There’s a new ally in the War on Drugs, one that could be the change that we all want to see in the world: a tiny inhaler in the pockets of police officers. What’s in the tiny inhaler is Narcan, a branded form of Naloxone, a narcotic that’s been proven effective against death by opioid overdose. The plastic vial that holds 4 milligrams of the product has already saved the lives of at least 400 people in Arizona alone.
The use of Narcan by police officers, though, is actually written into law – and this law passed with a strong and immediate effect. By 2017, Governor Doug Ducey, not to mention hundreds of grieving Arizona families, had had enough of the long string of opioid overdose deaths in his state, and took a dramatic measure. To protect as many people as possible, he declared a state of emergency in response to Arizona’s portion of the nation-wide opioid crisis. This included a measure that required Narcan to be regularly available and free of cost to the many police forces in the state who carry, and are trained in the use of, Narcan.
One year after Governor Ducey signed the declaration of emergency, 400 people had been rescued from overdose deaths by Narcan, as reported from over 60 different law enforcement departments across the state. Less than ten people who received the drug during an overdose emergency did not survive. These odds are incredibly encouraging – while people living with opioid addiction will definitely need medical attention, this could have some tangible, positive effects for those in serious need of rehabilitation. Considering that it takes a very miniscule portion of Fentanyl, the present opioid of choice to opioid abusers, to sedate and kill a person, the stakes to rescue people abusing opioids are very high. While the State of Arizona continues to improve because of this life-saving program, spreading the life-saving drug from department to department, there are still a couple of outliers. The Phoenix Police Department, for example, isn’t carrying the drug, despite their jurisdiction including Tempe, home of the University of Arizona. College campuses are a dangerous place for those who abuse drugs, especially alcohol.
Downsides of Narcan
As strong an ally as Narcan is, there are drawbacks to using the drug. Narcan can trigger withdrawal symptoms with a very sudden and startling onset. Some of the reported side-effects of Narcan include body aches, fever, and weakness. While there’s no need for a prescription in the field, those who are living with opioid addiction must get the prescription from their doctor, though it is possible that the drug will be free through most insurances. If you’re asking your doctor for this rescue drug, though, be prepared for your doctor to intervene out of concern for your health.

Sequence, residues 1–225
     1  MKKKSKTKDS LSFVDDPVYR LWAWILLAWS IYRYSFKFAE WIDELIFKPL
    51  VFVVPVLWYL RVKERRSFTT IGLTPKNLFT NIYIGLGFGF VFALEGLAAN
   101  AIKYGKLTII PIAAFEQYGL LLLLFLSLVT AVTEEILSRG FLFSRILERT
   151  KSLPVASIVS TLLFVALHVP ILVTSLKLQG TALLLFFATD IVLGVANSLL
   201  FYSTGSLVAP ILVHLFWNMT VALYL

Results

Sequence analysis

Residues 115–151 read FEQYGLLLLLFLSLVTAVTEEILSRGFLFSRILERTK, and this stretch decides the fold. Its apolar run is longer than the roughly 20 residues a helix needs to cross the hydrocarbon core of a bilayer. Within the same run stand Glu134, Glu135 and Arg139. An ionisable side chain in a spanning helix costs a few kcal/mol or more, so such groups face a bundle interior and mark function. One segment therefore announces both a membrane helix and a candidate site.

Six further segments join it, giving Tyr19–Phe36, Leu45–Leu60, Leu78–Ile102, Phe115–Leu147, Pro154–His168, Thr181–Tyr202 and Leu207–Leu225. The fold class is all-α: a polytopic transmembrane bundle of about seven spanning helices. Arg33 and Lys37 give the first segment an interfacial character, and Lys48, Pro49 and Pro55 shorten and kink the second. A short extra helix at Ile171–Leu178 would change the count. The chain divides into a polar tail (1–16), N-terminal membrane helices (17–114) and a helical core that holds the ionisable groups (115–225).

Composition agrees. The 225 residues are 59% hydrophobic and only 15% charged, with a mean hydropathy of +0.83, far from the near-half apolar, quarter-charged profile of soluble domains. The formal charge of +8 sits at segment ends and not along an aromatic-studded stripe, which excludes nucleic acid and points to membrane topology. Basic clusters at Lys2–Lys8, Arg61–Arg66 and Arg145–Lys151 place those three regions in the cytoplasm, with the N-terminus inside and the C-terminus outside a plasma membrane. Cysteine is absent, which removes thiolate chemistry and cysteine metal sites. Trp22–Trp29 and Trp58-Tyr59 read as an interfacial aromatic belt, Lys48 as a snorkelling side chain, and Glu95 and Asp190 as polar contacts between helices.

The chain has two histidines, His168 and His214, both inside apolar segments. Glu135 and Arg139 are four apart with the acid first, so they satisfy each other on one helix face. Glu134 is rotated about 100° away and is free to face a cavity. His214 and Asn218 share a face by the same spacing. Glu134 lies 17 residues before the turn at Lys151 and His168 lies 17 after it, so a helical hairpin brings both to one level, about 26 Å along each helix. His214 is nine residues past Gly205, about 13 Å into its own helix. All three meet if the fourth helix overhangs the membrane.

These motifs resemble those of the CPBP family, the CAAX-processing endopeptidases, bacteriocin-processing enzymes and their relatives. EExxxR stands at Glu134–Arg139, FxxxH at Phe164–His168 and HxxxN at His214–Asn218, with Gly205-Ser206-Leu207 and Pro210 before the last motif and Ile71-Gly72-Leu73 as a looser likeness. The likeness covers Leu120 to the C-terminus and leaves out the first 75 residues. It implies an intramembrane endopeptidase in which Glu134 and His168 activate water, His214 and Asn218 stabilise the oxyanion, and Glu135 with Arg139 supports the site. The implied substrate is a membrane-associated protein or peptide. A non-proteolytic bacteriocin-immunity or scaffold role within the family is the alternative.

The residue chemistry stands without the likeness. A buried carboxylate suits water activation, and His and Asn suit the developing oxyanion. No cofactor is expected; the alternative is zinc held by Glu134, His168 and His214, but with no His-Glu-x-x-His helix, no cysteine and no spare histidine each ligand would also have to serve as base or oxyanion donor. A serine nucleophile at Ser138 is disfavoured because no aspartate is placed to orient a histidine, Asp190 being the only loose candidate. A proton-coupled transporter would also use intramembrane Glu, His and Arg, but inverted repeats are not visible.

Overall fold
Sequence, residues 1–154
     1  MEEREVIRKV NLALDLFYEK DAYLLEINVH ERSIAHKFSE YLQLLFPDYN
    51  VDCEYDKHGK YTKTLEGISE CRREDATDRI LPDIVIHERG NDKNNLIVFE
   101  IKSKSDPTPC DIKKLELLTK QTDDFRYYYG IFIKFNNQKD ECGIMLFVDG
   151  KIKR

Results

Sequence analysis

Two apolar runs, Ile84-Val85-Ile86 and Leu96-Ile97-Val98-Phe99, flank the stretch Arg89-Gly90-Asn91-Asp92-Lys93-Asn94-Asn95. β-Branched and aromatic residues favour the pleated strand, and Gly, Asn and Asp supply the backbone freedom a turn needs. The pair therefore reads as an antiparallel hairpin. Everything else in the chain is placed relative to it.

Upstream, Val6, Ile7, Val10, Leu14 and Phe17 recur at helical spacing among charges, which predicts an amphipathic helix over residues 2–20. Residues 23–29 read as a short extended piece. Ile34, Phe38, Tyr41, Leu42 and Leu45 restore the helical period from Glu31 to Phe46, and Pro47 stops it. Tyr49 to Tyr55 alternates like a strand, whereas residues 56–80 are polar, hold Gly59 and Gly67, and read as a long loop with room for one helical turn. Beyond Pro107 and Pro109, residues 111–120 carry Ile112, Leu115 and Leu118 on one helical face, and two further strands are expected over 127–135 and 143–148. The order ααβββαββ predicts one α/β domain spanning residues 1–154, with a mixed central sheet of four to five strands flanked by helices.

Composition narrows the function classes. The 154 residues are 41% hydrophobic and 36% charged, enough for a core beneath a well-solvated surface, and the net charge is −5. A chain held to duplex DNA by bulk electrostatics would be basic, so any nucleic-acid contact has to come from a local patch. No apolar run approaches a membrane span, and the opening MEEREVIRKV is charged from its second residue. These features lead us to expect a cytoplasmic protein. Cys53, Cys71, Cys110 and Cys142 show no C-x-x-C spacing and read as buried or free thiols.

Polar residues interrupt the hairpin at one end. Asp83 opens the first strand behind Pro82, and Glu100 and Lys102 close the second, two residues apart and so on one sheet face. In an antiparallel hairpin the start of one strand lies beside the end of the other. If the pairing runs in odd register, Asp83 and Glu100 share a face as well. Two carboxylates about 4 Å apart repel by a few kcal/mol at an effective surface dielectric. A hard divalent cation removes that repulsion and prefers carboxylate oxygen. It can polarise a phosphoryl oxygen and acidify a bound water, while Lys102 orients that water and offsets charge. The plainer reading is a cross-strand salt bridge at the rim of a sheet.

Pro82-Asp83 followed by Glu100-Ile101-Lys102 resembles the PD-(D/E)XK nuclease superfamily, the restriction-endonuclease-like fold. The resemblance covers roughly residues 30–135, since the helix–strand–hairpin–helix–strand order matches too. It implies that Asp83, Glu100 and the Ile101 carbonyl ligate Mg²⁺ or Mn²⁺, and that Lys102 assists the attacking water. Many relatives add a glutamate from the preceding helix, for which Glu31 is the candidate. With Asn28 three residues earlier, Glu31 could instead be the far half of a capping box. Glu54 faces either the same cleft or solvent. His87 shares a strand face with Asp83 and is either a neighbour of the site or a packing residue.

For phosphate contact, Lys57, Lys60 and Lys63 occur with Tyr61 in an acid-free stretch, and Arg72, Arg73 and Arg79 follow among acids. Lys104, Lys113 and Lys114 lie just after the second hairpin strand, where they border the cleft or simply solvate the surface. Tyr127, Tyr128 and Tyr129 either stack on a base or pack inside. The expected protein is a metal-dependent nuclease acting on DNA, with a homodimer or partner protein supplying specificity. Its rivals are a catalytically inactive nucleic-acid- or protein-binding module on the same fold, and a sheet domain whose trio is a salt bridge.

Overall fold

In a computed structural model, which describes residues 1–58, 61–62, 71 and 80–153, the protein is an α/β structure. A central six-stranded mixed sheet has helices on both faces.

To administer the drug, though, you don’t have to be a doctor, or a police officer. In fact, the Arizona Attorney General’s office has held training for clergy members, and some EMTs are taking the unusual step of teaching other first responders how to correctly use the drug. The action is prompted from sheer practicality: the opioid crisis won’t be resolved overnight, no matter how many nasal inhalers are used. But having more people who are able to safely administer the drug takes a huge load off of EMTs, but without heavily burdening others.
What is truly remarkable about the use of Narcan by law enforcement is the evidence of a clear cultural shift. This reflects a change in attitude toward the treatment of people living with addiction. For generations, the cultural attitude toward people living with addiction was one of blame, hostility, and avoidance. This, of course came primarily from a widespread ignorance about the fact that addiction is a disease, and not simply a string of bad choices. With this proactive effort to save lives, as opposed to immediate and swift condemnation, the War on Drugs can slowly become exactly what it should be: a War on Addiction.
Talk to Someone Who’s Been There. Talk to Someone Who Can Help. Scottsdale Recovery Center holds the highest accreditation (Joint Commission) and is Arizona’s premier rehab facility since 2007. Call 602-346-9142.